Beantown or Bust: Five Family-Friendly Outings in Boston
Packed with all the amenities you expect of a major city yet compact enough to explore afoot, Boston is a great destination for quality family time with kids. Spend those precious moments revisiting Paul Revere's legendary midnight ride, marveling at wildlife or learning about the cosmos. Expect the biggest crowds during the summer months, and note that winters in Boston can be harsh. That said, a variety of family-friendly indoor attractions means you'll have no trouble keeping little ones busy in New England's biggest metropolis—even when the weather doesn't cooperate.
Look and Do Touch: Meet Ocean Critters at the New England Aquarium
At the New England Aquarium (1 Central Wharf, Boston, MA), kids can see—and in certain cases, touch—some fascinating sea creatures. Peer into the four-story Giant Ocean Tank to catch a glimpse of loggerhead turtles and bonnet sharks and then head to the Shark and Ray Touch Tank to interact with gentle epaulette sharks and cownose rays. There are also plenty of animals here with an "aww" factor, including Atlantic Harbor seals and three distinct species of penguins: African, rockhopper and little blue. Admission to the aquarium is $28 for adults and $19 for children 3 to 11 years old. Children under the age of 3 get in for free.
Follow the Red Brick Road: Fun on the Freedom Trail
A hotbed of activity during the American Revolution, Boston is home to historic sites school-aged kids will recognize from their textbooks. Sixteen of those are found along the 2.5-mile walking route known as the Freedom Trail, connected by a line of red bricks. They include the Old North Church (193 Salem St., Boston, MA), where legend says Paul Revere had two lanterns hung as a warning that British troops were moving by water, and the Old South Meeting House (310 Washington St., Boston, MA), where the Boston Tea Party was planned. It is free to walk the trail, however there are fees to venture inside certain sites, including the Old South Meeting House and the Paul Revere House (19 N. Square, Boston, MA).
Learn and Create: A Day at the Boston Children's Museum
From learning about the anatomy of dinosaurs in the "Explore-a-Saurus" exhibit to discovering how bridges and tunnels are built in "Construction Zone," the Boston Children's Museum (308 Congress St., Boston, MA) has something for a variety of interests and learning styles. A perfect destination for a cold or rainy day, the museum also has an exhibit perfect for an impromptu bubble-blowing competition and an art studio where young patrons can express their creativity. The Japanese House exhibit allows visitors young and old to learn about life in Kyoto, one of Boston's sister cities. Admission to the museum costs $16 per person. Children under 12 months get in for free.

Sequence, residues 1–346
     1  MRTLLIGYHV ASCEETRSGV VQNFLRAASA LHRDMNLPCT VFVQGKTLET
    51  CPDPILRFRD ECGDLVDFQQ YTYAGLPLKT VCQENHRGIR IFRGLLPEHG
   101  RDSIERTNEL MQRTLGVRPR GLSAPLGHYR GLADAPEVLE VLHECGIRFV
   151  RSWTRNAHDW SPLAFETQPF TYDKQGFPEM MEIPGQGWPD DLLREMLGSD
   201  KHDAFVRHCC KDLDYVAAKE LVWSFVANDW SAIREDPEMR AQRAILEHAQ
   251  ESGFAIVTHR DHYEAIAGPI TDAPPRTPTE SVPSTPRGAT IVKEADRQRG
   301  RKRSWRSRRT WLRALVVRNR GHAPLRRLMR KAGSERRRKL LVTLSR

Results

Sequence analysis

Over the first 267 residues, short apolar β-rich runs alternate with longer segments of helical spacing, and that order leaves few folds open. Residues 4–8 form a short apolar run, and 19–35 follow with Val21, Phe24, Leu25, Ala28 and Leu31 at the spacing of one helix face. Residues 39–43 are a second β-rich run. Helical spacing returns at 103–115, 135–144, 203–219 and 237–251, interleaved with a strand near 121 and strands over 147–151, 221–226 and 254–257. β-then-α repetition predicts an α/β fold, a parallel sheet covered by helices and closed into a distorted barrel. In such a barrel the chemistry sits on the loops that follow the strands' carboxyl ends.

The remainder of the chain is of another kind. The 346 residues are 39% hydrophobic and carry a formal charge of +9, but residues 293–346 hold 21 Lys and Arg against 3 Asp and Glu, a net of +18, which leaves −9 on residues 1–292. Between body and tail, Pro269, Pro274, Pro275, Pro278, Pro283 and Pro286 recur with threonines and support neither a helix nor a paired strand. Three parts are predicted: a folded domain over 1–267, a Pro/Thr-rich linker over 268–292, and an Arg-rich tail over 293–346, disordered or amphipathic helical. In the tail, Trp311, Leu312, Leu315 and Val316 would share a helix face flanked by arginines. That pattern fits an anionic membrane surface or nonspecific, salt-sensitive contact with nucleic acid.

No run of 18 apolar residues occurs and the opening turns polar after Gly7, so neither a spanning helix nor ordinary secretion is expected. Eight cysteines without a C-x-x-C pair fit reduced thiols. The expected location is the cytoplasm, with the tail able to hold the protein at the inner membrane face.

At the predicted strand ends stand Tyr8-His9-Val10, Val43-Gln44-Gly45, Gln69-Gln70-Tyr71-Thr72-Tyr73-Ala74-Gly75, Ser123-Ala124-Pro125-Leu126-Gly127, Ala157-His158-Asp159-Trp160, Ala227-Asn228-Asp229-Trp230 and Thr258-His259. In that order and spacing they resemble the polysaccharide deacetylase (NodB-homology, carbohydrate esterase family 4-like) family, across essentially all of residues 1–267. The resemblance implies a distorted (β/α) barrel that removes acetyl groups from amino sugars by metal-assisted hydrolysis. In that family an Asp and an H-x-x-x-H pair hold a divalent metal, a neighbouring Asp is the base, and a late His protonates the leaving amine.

Reach for the Stars: Peruse the Museum of Science
Is there a budding chemist or biologist among you? Find out at Boston's hands-on Museum of Science (1 Science Park, Boston, MA), where attractions include a fossilized triceratops named Cliff, more than 100 live animals and an exhibit devoted to optical illusions.
Here young patrons can also recreate experiments done by Galileo and combine colored lights to produce new hues. For additional fees, you can take a stroll through the Butterfly Garden and take in a show at the Charles Hayden Planetarium. Admission to the museum costs $25 for adults and $20 for children between the ages of 3 and 11. The Butterfly Garden requires timed tickets that cost $6 per person. Planetarium shows cost $10 for adults and $8 for children.
Swan Lake: Go For a Boat Ride at the Public Garden
Summer is a popular time of year to visit Boston and the best time to experience one of its most iconic attractions, the Swan Boats in the Public Garden (4 Charles St., Boston, MA), the first public botanical garden in the country. After a stroll through the park, cool off with a ride on the garden's lagoon on a boat fashioned like a swan, a Boston tradition that dates to the 1870s. Rides last between 12 and 15 minutes and are available from mid-April through mid-September. Adults pay $3.50; kids pay $2. Children under the age of 3 ride for free. While at the Public Garden, snap a photo of your flock with Make Way for Ducklings, a bronze sculpture inspired by the children's book of the same name.
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Since beginning her career as a professional journalist in 2007, Nathalie Alonso has covered a myriad of topics, including arts, culture and travel, for newspapers and magazines in New York City. She holds a B.A. in American Studies from Columbia University and lives in Queens with her two cats.